Blackrock has become the latest US financial giant seeking to evade a shareholder proposal calling on it to outline how it will make good on its recent Business Roundtable commitments.
Filed by US non-profit As You Sow, the resolution calls on the asset management behemoth to report on how it plans to “fully implement” the recent ‘Statement on the Purpose of a Corporation’ put out by US trade group the Business Roundtable (BRT) last year and signed by Blackrock’s Chairman and CEO Larry Fink.
Published in August, the BRT’s statement, which was signed by 181 US CEOs, advocated for a shift towards a stakeholder model of capitalism and away from the shareholder primacy model famously attributed to Milton Friedman.
It included a commitment to respect “the people in our communities and protect the environment by embracing sustainable practices across our businesses”.
Earlier this month, Blackrock received widespread praise and column inches for the numerous sustainability pledges its CEO Larry Fink made in his annual letter to clients and for its decision to join Climate Action 100+, the investor engagement initiative that is attempting to steer the world’s dirtiest companies towards Paris aligned trajectories.
The world’s largest asset manager is also facing another shareholder resolution over its poor ESG proxy voting record.
In a ‘no action’ request filed at the US Securities and Exchange Commission (SEC) this week, Blackrock’s lawyer argues that the proposal concerning the BRT is overly prescriptive and refers to matters “best left to the judgement of Blackrock’s Board of Directors…and management”.
The ‘ordinary business’ grounds for exclusion was also invoked by US banking giants JP Morgan, Citi, Bank of America and Goldman Sachs in their attempts to rebuff a similar resolution on their BRT commitments.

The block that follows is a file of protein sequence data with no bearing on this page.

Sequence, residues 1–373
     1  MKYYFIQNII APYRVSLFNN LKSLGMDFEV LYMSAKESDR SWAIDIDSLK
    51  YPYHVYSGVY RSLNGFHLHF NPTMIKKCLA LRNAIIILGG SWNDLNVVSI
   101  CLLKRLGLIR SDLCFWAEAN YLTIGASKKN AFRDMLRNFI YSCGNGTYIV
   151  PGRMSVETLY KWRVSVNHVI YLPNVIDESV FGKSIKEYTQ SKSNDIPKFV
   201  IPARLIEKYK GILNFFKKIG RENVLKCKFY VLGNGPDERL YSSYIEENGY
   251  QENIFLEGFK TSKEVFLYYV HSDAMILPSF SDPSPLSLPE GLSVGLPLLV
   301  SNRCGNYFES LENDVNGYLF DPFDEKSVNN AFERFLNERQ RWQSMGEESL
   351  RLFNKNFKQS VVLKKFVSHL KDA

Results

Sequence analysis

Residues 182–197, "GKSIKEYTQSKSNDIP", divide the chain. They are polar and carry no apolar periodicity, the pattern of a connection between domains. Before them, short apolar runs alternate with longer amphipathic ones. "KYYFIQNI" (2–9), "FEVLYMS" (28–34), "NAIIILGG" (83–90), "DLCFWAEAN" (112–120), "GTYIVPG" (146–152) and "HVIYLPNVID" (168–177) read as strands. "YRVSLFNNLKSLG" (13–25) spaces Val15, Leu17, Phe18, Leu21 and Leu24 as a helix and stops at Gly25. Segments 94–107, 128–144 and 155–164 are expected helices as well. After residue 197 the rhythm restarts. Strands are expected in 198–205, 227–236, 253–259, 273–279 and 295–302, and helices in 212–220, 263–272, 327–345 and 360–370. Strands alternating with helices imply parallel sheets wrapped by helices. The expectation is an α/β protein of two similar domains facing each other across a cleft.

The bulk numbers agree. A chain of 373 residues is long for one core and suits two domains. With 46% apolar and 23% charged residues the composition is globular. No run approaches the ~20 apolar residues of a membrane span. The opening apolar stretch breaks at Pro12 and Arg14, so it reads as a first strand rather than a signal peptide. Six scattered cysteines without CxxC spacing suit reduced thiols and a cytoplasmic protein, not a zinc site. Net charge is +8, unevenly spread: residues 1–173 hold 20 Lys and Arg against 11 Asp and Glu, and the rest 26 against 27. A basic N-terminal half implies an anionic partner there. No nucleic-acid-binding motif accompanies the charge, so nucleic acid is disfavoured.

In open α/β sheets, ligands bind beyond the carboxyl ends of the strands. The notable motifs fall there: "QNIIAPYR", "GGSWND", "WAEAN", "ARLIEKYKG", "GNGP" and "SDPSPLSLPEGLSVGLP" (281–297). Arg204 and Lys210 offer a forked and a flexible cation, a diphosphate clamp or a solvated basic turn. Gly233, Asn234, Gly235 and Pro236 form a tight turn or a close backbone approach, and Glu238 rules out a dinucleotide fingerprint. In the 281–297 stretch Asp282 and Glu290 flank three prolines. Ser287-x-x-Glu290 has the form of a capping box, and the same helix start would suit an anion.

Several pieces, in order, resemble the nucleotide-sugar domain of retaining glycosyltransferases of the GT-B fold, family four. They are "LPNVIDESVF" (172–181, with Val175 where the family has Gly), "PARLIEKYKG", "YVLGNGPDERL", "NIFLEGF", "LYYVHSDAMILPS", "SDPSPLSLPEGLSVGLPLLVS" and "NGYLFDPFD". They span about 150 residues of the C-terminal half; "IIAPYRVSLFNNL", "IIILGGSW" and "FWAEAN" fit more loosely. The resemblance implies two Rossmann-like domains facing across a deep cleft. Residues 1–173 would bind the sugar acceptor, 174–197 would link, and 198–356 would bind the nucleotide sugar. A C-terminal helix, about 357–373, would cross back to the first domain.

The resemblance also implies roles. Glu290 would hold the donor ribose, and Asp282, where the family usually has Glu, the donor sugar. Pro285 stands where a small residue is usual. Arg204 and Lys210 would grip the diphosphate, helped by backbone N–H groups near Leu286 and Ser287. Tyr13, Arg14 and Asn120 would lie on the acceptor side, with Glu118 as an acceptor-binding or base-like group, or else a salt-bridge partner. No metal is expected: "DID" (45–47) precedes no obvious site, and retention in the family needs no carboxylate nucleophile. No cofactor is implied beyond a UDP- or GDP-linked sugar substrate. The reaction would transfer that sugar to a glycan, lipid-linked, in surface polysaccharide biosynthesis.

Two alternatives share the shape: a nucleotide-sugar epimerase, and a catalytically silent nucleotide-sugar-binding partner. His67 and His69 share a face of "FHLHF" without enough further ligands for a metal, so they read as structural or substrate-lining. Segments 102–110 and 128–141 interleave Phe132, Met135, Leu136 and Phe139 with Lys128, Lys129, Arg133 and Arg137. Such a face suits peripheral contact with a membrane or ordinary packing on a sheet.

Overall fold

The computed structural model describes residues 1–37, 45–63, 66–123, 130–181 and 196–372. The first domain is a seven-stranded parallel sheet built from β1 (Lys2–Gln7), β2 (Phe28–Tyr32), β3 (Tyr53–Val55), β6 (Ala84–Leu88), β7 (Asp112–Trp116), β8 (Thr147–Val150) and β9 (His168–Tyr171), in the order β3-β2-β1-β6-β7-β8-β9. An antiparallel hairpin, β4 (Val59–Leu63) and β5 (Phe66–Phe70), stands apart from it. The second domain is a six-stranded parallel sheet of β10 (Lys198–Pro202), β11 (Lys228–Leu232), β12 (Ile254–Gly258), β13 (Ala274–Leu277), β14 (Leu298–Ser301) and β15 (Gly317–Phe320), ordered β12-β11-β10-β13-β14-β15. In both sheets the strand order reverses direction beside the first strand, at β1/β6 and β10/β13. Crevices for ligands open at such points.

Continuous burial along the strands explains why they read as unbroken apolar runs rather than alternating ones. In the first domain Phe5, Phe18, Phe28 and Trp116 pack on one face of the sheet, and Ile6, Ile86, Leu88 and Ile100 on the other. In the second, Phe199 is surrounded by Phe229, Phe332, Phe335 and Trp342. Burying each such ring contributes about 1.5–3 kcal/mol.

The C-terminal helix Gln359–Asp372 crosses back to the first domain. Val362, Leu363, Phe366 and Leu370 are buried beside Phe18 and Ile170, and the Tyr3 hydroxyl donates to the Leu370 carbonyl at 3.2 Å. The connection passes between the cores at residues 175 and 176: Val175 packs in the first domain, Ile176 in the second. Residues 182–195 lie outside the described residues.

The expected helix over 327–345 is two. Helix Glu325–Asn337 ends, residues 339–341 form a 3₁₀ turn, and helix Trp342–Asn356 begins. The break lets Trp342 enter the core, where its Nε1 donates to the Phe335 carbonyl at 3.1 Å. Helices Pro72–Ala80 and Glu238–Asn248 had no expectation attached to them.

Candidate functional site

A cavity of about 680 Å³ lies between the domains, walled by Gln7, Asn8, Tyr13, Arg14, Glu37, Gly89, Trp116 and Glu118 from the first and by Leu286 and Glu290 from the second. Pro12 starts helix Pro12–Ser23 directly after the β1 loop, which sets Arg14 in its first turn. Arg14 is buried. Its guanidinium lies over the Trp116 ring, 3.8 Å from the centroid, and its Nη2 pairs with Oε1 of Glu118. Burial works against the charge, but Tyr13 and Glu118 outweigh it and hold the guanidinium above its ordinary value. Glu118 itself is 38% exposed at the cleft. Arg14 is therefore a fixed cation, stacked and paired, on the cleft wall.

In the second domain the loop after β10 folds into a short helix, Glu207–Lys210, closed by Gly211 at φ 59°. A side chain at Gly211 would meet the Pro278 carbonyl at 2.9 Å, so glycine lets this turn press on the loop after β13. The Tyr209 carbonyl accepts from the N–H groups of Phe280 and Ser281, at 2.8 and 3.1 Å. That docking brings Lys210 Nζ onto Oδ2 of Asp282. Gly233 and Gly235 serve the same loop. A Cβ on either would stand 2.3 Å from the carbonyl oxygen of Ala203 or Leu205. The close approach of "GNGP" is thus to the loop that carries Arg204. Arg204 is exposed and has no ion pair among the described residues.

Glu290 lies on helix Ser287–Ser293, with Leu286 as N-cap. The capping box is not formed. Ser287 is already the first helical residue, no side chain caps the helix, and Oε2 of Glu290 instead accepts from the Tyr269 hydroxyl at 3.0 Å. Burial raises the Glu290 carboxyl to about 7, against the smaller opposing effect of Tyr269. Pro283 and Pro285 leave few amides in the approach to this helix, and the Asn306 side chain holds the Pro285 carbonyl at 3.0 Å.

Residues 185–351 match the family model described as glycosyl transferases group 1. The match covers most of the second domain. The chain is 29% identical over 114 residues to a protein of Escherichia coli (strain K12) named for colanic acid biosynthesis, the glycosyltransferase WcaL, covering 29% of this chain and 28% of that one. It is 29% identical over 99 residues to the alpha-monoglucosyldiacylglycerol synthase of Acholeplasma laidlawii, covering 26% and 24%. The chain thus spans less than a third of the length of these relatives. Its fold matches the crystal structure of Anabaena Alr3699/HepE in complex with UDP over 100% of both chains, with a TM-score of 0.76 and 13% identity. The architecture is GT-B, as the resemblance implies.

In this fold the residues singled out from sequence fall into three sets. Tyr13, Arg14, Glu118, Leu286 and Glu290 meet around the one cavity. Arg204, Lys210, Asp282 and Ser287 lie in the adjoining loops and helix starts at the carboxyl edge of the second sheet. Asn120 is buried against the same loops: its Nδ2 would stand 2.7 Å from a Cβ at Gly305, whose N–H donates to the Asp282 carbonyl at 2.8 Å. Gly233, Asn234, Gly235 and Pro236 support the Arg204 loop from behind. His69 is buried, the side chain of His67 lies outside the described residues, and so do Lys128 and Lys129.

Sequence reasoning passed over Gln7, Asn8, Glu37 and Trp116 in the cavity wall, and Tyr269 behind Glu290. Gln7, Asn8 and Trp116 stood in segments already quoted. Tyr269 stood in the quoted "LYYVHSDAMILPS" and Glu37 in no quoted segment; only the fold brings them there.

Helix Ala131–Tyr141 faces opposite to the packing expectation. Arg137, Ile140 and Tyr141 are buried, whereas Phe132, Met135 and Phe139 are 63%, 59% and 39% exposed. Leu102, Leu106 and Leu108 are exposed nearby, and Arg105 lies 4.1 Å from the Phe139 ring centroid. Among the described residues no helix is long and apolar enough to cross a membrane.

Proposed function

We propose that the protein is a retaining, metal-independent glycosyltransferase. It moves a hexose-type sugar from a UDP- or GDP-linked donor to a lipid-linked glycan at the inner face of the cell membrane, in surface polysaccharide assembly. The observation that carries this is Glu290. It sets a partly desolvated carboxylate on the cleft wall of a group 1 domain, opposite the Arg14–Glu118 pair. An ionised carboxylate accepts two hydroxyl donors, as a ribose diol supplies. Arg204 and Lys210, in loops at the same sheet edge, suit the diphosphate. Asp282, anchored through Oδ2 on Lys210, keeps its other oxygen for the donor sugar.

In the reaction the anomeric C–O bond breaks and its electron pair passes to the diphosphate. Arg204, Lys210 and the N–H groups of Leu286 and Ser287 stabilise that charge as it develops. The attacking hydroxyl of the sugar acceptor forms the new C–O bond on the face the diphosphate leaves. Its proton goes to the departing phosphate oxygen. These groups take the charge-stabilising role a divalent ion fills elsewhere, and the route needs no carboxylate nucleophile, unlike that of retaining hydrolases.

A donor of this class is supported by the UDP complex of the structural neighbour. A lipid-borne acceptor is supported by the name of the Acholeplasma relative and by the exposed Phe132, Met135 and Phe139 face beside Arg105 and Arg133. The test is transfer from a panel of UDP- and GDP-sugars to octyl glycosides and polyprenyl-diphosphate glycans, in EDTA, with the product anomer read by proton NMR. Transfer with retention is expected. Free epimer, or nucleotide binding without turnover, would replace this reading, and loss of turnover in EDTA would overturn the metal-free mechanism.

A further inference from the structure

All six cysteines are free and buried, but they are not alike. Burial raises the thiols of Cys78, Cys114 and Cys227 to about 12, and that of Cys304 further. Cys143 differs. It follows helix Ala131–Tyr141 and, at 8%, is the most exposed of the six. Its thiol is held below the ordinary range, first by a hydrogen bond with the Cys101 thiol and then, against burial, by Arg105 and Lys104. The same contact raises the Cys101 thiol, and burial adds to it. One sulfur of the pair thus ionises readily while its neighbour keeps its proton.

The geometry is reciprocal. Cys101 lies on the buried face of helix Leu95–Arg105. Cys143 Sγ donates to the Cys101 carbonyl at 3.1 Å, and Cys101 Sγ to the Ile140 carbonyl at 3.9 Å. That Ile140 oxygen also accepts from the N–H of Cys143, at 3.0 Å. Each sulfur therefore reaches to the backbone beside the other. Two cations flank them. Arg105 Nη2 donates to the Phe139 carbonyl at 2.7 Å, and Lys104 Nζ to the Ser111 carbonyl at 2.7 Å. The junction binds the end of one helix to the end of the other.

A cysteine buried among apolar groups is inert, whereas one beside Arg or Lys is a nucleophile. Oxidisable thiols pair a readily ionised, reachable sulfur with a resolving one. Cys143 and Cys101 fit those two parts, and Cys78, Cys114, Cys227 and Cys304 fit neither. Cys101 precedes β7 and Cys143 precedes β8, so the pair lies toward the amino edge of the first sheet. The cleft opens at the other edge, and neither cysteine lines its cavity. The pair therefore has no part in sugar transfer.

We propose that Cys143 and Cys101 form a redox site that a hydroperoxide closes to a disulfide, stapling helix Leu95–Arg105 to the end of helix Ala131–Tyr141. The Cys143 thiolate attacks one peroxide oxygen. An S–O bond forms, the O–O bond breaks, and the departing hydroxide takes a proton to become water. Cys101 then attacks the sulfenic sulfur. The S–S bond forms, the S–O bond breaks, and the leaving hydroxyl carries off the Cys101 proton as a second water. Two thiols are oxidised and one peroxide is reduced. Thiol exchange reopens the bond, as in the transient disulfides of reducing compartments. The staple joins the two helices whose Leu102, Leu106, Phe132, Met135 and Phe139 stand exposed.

‘No-action letters’ from the SEC provide assurances to companies that the regulator will not pursue the matter if the company omits a proposal from the agenda of its annual shareholder meeting.
In the SEC filing, Blackrock points to the public Sustainability Accounting Standards Board (SASB) based disclosure it made this month and its commitment to disclosing against the Task Force on Climate-related Financial Disclosures (TCFD) as examples of its transparency on “sustainability-related questions”.
BlackRock concludes its letter by adding that “should the [SEC] Staff disagree with the conclusions” in its letter, the company “would appreciate the opportunity to confer with the Staff concerning these matters prior to the issuance of the Staff’s response”.
Blackrock’s request is interesting when the consensus among the US SRI investors RI spoke to last year is that the SEC’s ‘no action’ process is notoriously opaque.
Blackrock had not commented at the time of writing.